Social sciences majors don’t always get the respect they deserve. Many parents may question whether a child should pursue a degree in anthropology, history, linguistics, or even political science. But Sarah Sandok Rabinovici is perhaps the best example of why such an undergraduate major is smart preparation for a law career.
Today, Sandok Rabinovici is general counsel of the Americas for security and data privacy for Resideo, a home security, comfort controls, energy efficiency and wholesale distributor of low-voltage security products company. The company is headquartered in Scottsdale, Arizona, and she is based out of Melville, New York, a Long Island suburb of New York City.
One can see how her degree in anthropology and Spanish, with significant coursework in political science, prepared her for the job.
“Being a lawyer means being a critical thinker,” says Sandok Rabinovici. “As a lawyer, we are presented with problems. We have to ask questions and come up with interpretations, often in the context of different cultural interpretations. An ability to understand issues is an ability to communicate better.”
Indeed, the recent history of Resideo, which includes acquisitions and the merging of technologies and brands into the company, seems cut out for anthropologists. Sandok Rabinovici explains that not only is the US more diverse than ever before, but so too are the varied assets and organizations that have been combined to form Resideo. “We have to understand the commonalities as much as the differences in order to bridge between them,” she says.
Resideo was spun off from Honeywell in 2018 as a publicly traded entity. In 2019, as assistant general counsel of procurement, Sandok Rabinovici was tasked with adjusting the strategy and leverage and purchasing power that a large company has and retaining those advantages. She also worked to ensure they remained nimble as a smaller technology focused company, working to bring new and innovative products and services to customers. These are the kinds of things she enjoys about being an attorney.
“I’m not an engineer, but I have to understand technical things,” she says. “I like to dig into problems, find ways to solve them, and move forward.”
Her initial interest in law came from a classmate, also a social sciences major, who told her their studies were good preparation for a studying law. She initially saw herself being a litigator, but over time she was exposed to labor and employment related issues, touching on topics from some political science classes from her undergraduate studies, that drew her to counseling and antitrust work.
“I was assigned documents reviews in a big case in my first firm,” she says. “I dug into it, learned more about antitrust, and fell in love with it.” She further honed that expertise in firm work, transitioning to in-house counsel after about a decade.
The mergers and acquisitions work doesn’t end at the closings, as anyone who has been through one can attest. For example, there are technical integrations as well as a cultural blend that comes along with them. Sandok Rabinovici sees the set of variables that she walked into, the spinoff and the mix of an established business and building something new, as offering a fresh start.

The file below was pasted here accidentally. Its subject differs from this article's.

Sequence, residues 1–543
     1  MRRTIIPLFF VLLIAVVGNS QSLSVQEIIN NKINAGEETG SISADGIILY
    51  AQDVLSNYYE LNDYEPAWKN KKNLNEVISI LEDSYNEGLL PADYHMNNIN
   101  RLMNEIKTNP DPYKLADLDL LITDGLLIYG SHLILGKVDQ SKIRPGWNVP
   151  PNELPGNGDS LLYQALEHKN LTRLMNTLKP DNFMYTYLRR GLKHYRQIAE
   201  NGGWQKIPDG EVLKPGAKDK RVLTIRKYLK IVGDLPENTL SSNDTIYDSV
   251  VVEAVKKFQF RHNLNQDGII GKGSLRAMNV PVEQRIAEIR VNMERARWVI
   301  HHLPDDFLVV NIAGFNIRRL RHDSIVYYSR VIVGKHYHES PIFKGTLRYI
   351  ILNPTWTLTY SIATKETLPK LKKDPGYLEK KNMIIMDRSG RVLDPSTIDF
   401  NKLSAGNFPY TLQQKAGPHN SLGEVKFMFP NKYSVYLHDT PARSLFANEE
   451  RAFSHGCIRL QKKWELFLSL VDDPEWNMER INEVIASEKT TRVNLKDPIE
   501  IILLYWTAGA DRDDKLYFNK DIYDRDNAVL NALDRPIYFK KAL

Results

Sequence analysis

Then, 2022 brought something different: buying and blending First Alert. Sandok Rabinovici was intimately involved in this acquisition—it was worth nearly $600 million, which included an established business and brand on a larger scale than the previous deals Resideo did—and continues to work with that business on a day-to-day basis. The mix of products and services from the company straddle the business-to-business and business-to-consumer world, with independent distributors in the mix.
Her work not only taps into the technical details of these various businesses and systems, but also supports the business teams doing the work. “I see myself as a businessperson first,” she says. “I get asked about financial risks. I have to understand the goals and paths to get there, helping them to tweak it to contain relative costs and mitigate risk.”
Outside of Resideo, Sandok Rabinovici has also established a strong reputation. “It’s terrific working with Sarah,” says Russell L. Leaf, partner at Willkie Farr & Gallagher LLP. “She’s smart and strategic, and she has a remarkable ability to quickly distill complicated issues and get to the heart of a matter. We have had a great partnership on a number of significant corporate transactions, and I look forward to continuing to work with her in the future.”
Sandok Rabinovici sees her vocation as a lawyer supplemented by her avocation: being the first vice president on the executive board of the Manetto Hill Jewish Center. Her recent work includes managing her fiduciary duties to its members and supporting the synagogue as it figured out how to provide services and reopen in the pandemic era. Sandok Rabinovici focused on listening to different points of view. She says her anthropology degree helps her with this role as well.
“I always ask, what perspective are they bringing?” she says. “We try to make the best decisions, even if we can’t please everyone.”
Back at Resideo, she was tasked with supporting the business in Europe, Africa, and the Middle East during the pandemic, working across time zones while she managed her own family in work-from-home conditions.
It was grueling, but she liked the responsibility. And somehow in the process, she acquired some great recipes for cabbage, noodles, and cookies from her European counterparts. Which sounds like the fun side of understanding the human experience.